A white paper is something similar to our Vanuatu 2030 — it sets out the framework for a particular policy area that will guide the state machinery in the medium to longer term.

The Department of Foreign Affairs and Trade is currently accepting submissions from anyone who cares to make one. We are also expecting the release of a new ‘Pacific Strategy’. (Which begs the question, should Pacific island countries have an ‘Australia Strategy’?)

 The Foreign Policy White Paper is something of a big deal. There hasn’t been one since 2003 and, as DFAT tell us, ‘the international environment has changed profoundly over the past 13 years’. Julie Bishop is generally recognised as one of the better Australian foreign ministers of recent times so it is not surprising that she should be prosecuting an exercise of this type. Having said that, foreign affairs do not figure very highly in Australian political discussions, with little attention if any given to them during election campaigns. And within the small amount of bandwidth accorded to foreign affairs, Pacific issues rate very low on the scale.

Even so, the policy processes referred to above present an important opportunity for Australian policy makers to think about how their country can regain and maintain its status in our region. Admittedly, global events of 2016 have created some conundrums that will test Canberra’s creativity. But that must not detract from the importance of Australia’s relationships with its nearest neighbours.

I will be preparing a submission in relation to the white paper and I’m not going to give away the punch line here. But I will raise one aspect that I’ve been thinking about for a while that I don’t believe gets enough attention. In Vanuatu, our primary experience of Australia’s government is by way of our interactions with DFAT. But our bilateral relationship with Australia is affected by numerous other government departments and agencies that we don’t necessarily deal with directly. Part of DFAT’s role is to liaise with the rest of the Australian government machinery to try and ensure that what they are doing is in line with and supportive of foreign policy objectives. This is an area where we need to see more and better activity and it needs to be examined closely in this year’s policy development activities in Canberra.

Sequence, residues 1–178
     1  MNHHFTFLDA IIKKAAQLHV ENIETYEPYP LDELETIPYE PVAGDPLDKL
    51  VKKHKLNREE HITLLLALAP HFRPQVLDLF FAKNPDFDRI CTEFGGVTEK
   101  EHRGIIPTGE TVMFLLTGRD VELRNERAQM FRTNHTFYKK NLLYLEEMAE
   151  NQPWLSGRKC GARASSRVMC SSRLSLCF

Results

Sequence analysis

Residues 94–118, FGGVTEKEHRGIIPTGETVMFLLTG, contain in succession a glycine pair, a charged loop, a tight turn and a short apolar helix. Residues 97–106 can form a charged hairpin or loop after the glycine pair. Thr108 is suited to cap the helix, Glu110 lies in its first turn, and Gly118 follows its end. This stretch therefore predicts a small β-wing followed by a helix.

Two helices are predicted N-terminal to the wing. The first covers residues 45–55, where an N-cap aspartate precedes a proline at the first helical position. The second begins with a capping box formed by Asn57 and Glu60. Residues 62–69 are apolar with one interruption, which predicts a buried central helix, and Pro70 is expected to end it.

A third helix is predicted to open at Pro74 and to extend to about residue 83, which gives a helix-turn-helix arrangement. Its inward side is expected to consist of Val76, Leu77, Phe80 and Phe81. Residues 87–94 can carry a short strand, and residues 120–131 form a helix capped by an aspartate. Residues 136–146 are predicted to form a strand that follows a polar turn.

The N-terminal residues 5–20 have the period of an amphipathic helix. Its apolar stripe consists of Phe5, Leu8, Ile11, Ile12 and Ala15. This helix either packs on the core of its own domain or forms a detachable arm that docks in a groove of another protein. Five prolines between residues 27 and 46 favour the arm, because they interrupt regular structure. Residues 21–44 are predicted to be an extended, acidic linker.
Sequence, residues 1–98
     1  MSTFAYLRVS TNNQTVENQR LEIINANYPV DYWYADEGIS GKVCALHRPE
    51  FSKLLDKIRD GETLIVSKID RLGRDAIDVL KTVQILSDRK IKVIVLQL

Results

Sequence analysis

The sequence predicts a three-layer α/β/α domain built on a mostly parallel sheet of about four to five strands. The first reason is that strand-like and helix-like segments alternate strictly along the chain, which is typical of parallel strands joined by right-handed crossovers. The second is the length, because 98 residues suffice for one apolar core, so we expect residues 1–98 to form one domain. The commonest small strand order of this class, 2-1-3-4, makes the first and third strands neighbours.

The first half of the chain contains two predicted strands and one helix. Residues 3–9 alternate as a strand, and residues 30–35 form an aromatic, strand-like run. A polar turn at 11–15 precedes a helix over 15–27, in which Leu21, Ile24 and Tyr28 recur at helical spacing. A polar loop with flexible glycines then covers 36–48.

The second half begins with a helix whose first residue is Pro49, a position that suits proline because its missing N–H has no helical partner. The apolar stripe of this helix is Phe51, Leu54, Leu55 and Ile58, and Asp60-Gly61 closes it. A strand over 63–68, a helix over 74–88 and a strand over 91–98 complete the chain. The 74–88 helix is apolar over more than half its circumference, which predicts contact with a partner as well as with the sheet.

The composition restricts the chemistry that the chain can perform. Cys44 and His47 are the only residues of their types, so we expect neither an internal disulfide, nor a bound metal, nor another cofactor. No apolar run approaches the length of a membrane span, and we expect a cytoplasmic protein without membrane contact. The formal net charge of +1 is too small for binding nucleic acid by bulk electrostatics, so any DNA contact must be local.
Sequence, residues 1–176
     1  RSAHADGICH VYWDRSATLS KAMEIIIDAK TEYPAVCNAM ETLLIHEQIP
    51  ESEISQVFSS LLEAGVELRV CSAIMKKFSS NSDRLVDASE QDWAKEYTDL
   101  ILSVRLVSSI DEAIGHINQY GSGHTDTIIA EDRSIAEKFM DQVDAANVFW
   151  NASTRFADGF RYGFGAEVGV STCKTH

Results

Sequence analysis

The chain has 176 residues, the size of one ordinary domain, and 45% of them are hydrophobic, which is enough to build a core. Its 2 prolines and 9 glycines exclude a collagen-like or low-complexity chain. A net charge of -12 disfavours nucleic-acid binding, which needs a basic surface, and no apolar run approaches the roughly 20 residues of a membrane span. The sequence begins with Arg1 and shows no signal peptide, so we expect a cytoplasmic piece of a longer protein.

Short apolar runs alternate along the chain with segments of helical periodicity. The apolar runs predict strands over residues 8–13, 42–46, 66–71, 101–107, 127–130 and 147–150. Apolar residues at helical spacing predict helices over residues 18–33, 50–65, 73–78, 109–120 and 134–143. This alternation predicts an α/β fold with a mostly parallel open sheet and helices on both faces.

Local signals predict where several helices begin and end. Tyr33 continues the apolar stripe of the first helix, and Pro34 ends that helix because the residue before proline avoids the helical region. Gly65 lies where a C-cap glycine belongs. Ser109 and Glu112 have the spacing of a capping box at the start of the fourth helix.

Let me give you a couple of examples to consider. The government of Australia has made significant investments of aid money in restoring and further developing our tourism sector. This is part of their economic diplomacy platform, which is based around a belief that small countries such as Vanuatu need opportunities to grow their economies, create jobs and improve livelihoods more than they need aid. As we are realising, Vanuatu is an attractive destination for Chinese tourists, as that market matures and we see a rise in independent, well-funded travellers. In the 12 months to November 30, 2016 the number of Chinese tourists to visit Australia was just over one million. If 2% of those visitors to Australia included a side-trip to Vanuatu as part of their itinerary, the number of air arrivals would increase by 50,000. There are several reasons why this might be difficult to achieve but perhaps the most significant one is the refusal by the Australian government (via the Department of Immigration and Border Protection) to provide multi-entry visas to visitors from China. So it is not possible for Chinese tourists to add a ‘side trip’ to Vanuatu into their itinerary because once they leave Australia they have to apply for another visa to re-enter.

And then there are our agricultural exports to Australia, such as they are. Here we face a double whammy. Australian domestic policy is the reason for the ban on commercial importation of kava, which means that our producers have to seek more distant (and more expensive) markets. In relation to other products such as root crops, nuts and spices a very serious (but insufficiently discussed) impediment is getting products approved by Australian quarantine and biosecurity agencies. This is a hurdle faced by other Pacific island countries as well. You might think that the problem is that Pacific agricultural products are poor quality and do not pass the tests for biosecurity. And you would be largely wrong. As Wes Morgan has educated me the issue is not that the products are not good enough, it is that the Australian processes take so long that producers have to go elsewhere to find a value chain that works. So an agreement like PACER Plus that (we are told) will make it easier for our country to trade with Australia will struggle to deliver on that promise if the relevant bits of government machinery don’t get the memo.